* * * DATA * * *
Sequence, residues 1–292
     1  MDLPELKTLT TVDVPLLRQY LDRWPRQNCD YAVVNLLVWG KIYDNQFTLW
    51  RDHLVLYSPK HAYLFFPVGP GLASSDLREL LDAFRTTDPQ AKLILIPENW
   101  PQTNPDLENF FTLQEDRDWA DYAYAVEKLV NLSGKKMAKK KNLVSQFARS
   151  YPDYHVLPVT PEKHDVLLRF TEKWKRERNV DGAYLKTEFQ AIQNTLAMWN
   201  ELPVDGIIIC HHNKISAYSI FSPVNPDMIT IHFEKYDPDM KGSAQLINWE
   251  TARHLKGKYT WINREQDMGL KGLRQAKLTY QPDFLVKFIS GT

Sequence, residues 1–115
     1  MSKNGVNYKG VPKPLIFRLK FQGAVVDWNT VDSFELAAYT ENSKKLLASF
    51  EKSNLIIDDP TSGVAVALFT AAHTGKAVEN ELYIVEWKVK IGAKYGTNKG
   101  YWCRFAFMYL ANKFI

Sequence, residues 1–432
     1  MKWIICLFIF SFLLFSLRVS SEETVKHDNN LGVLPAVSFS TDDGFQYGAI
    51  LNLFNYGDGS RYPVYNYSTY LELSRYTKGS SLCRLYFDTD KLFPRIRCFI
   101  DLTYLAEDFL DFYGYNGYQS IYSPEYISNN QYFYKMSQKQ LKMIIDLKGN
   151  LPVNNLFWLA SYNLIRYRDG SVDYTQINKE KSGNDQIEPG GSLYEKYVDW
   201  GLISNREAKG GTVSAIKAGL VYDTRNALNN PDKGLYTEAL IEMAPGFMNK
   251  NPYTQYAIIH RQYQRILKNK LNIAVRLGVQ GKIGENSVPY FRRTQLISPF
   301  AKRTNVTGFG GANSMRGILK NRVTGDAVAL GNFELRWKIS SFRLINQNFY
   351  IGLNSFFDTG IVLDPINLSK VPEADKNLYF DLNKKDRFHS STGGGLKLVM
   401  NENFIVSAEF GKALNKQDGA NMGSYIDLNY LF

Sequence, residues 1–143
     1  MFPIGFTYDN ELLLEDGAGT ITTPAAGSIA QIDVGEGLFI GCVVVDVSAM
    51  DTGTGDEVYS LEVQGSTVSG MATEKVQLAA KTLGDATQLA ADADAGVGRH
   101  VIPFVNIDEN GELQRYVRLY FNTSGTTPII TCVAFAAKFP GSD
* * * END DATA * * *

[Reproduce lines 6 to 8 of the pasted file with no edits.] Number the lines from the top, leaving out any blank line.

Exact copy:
   201  ELPVDGIIIC HHNKISAYSI FSPVNPDMIT IHFEKYDPDM KGSAQLINWE
   251  TARHLKGKYT WINREQDMGL KGLRQAKLTY QPDFLVKFIS GT

Sequence, residues 1–115